Rights Group Proposes Bill to Properly Handle Campus Sexual Assault
June 28, 2016
In anticipation for reauthorizing the Higher Education Act of 1965, a group dedicated to student rights has offered up model legislation that would make campus sexual assault investigations fairer.
The group, called Stop Abusive and Violent Environments, released the model bill on June 22 and is working to lobby Congress for its adoption. The bill “supports the rights and interests of both the complainant and accused student, and encourages the involvement of local criminal justice authorities,” SAVE wrote. The bill could also be adapted for the state level as well.
“Sexual violence can have a devastating impact on victims. Institutions of higher education need to take into account the legitimate interests and rights of complainants and accused students to assure a fair and transparent adjudication process and to achieve reliable outcomes,” the proposed bill states. “All parties should seek to ensure the campus adjudicatory system follows due process procedures in order to protect the innocent and accurately identify the guilty.”
The bill reins in the ever-expanding definition of sexual assault by limiting it to existing standards. For example, it defines sexual harassment according to a Supreme Court finding (Davis v. Monroe) which says the harassment must be “severe, pervasive and objectively offensive.” In recent years, through “guidance” documents issued by the Education Department’s Office for Civil Rights, colleges and universities have dropped the “objective” part of the definition and allowed anything that anyone sees as offensive (even if most wouldn’t) as enough basis to investigate a student.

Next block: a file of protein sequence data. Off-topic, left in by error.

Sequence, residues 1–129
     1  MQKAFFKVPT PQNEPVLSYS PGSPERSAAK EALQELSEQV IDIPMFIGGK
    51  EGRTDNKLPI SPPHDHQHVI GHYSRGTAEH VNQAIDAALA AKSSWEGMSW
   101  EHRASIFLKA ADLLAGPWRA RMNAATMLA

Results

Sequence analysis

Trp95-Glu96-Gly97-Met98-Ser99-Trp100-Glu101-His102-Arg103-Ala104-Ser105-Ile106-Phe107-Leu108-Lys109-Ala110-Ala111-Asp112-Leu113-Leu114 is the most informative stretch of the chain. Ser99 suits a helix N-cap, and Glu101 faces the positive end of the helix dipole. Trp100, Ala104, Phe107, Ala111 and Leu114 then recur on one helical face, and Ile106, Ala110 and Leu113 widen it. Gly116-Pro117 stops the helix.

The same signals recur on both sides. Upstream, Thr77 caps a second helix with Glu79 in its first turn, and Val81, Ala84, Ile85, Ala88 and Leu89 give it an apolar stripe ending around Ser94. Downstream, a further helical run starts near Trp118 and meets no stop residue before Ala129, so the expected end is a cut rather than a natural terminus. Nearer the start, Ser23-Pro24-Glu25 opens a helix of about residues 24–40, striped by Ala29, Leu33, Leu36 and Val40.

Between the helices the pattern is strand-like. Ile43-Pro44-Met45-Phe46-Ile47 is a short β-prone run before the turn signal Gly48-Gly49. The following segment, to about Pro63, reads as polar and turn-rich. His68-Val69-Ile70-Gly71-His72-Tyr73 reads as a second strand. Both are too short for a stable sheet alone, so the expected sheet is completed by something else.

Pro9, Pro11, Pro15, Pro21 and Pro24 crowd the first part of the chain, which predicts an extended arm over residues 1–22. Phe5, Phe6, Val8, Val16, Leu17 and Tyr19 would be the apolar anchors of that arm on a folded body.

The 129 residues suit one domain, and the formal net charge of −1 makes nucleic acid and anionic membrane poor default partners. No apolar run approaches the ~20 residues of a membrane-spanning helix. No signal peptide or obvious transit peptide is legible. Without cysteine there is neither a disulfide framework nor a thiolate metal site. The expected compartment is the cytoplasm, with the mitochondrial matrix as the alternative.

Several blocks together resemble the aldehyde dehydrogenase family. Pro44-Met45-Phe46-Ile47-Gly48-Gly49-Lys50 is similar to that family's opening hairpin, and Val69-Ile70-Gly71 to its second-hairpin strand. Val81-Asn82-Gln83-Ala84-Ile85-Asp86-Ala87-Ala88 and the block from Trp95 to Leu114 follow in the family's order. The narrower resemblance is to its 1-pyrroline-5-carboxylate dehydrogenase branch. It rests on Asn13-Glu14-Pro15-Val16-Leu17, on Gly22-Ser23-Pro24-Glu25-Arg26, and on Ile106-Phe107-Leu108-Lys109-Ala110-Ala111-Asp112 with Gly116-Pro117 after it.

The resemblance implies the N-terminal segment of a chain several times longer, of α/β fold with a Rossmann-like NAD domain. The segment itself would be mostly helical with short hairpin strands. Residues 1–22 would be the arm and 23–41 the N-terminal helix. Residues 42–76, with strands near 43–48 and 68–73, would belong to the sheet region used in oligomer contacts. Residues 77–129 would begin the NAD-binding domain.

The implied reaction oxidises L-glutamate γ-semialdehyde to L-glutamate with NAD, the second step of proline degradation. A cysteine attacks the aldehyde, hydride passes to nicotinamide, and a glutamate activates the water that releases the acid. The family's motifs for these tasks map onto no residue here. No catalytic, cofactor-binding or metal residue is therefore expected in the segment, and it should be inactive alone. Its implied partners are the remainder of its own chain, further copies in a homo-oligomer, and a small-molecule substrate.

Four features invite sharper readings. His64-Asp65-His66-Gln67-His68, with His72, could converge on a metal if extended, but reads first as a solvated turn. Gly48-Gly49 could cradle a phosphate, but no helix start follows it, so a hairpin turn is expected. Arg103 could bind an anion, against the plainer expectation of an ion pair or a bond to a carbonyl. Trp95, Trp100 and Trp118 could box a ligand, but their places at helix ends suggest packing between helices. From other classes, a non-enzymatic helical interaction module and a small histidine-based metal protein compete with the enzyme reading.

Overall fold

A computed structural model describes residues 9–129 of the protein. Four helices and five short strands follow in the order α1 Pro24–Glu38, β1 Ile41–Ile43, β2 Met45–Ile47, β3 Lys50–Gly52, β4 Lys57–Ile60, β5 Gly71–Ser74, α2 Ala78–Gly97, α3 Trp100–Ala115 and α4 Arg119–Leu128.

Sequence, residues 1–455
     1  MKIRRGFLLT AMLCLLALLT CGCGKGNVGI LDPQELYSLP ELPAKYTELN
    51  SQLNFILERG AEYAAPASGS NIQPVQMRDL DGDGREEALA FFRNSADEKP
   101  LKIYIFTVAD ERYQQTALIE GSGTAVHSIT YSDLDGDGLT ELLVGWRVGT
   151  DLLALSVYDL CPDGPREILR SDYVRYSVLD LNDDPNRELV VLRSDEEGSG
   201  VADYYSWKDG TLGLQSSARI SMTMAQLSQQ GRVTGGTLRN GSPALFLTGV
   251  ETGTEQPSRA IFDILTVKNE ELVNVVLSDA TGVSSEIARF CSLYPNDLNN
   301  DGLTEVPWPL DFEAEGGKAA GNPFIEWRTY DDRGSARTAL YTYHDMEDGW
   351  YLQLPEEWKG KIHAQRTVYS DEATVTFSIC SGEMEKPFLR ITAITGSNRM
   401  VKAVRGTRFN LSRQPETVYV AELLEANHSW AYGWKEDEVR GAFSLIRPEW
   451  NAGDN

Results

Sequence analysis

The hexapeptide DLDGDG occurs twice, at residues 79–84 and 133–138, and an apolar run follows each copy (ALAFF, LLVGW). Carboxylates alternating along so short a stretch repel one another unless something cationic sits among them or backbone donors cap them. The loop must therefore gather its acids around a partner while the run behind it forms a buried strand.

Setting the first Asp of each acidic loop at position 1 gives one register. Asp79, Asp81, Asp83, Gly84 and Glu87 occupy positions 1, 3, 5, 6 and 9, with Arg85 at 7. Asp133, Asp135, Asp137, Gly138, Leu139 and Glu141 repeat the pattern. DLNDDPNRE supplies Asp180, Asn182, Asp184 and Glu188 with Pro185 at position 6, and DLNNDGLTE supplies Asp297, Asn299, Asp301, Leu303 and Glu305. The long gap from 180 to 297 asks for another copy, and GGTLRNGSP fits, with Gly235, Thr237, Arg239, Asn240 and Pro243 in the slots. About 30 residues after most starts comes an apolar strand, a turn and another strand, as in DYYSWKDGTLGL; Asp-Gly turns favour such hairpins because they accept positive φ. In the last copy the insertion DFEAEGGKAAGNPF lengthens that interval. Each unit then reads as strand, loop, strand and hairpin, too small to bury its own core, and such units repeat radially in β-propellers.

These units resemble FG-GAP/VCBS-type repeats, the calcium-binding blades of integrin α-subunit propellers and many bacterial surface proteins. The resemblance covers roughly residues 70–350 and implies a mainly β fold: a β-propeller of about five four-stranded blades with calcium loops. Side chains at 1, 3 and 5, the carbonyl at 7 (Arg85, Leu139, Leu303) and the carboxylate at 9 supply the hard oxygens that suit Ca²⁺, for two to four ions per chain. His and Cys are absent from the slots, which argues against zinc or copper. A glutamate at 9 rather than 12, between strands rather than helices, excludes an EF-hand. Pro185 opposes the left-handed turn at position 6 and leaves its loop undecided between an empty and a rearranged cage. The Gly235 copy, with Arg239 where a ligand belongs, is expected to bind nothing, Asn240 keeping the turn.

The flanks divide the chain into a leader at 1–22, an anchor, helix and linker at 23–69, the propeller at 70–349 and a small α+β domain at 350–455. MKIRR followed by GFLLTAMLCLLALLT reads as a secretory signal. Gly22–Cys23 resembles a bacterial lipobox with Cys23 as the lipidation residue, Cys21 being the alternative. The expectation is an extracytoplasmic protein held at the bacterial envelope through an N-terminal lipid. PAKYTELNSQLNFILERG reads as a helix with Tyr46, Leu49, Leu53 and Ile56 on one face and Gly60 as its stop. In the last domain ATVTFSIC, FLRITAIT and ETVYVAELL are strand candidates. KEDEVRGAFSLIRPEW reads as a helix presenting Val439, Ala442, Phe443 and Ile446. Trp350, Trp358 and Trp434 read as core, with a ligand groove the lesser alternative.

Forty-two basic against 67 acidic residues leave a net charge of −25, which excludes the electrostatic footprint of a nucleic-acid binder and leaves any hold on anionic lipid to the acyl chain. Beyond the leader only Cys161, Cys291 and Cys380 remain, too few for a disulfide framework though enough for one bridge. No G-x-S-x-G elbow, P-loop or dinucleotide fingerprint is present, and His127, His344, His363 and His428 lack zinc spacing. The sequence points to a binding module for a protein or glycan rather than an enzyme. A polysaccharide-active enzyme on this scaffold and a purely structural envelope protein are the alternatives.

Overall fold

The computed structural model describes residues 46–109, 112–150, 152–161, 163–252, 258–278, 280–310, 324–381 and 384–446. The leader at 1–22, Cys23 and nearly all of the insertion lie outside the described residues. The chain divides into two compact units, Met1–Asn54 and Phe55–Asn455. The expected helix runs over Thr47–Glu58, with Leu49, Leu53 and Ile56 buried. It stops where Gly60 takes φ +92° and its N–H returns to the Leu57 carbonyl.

The bill also ensures that support services are offered to both the accuser and the accused. In many bills on the issue and at many campuses, an accuser is provided numerous services while the accused must fend for themselves. The obvious reason for this is that pressure from the federal government has forced schools to treat accusers as instant truth-telling victims and the accused as guilty from the start.
Accusers would still be walked through the process and have their reporting options listed for them, but confidential advisers would also be required to inform them that a campus court is no substitute for the criminal justice system if an accusation meets the definition for sexual violence. The bill also requires accused students to be informed of the procedure and how they can obtain reports and evidence that could be used in the hearing.
As for investigations, schools would be required to have investigators “make reasonable efforts to contact all potential witnesses, not just those recommended by the complainant or accused student.” Currently, witnesses who don’t support the accuser’s story are often ignored, and witnesses suggested by accused students aren’t even spoken to about the accusation.
Schools would also be required to “thoroughly document and/or videotape” communications with witnesses, interviews with the accuser and accused and all evidence collected so that all parties involved have access before a disciplinary hearing.
The most important thing in this proposed bill is the adherence to due process rights and the presumption of innocence. Accused students would have to be informed of the accusation against them, be allowed to obtain an attorney, be informed of their right to remain silent (as anything they say can be used in a criminal court) and be allowed to cross-examine witnesses. Accusers would also enjoy these same rights of a right to counsel and cross examination, of course.
A bill like this, which protects the accuser and the accused, is a welcome change from the fact-free, witch-hunt bills currently proposed in Congress that rely on debunked statistics and fear-mongering rather than common sense.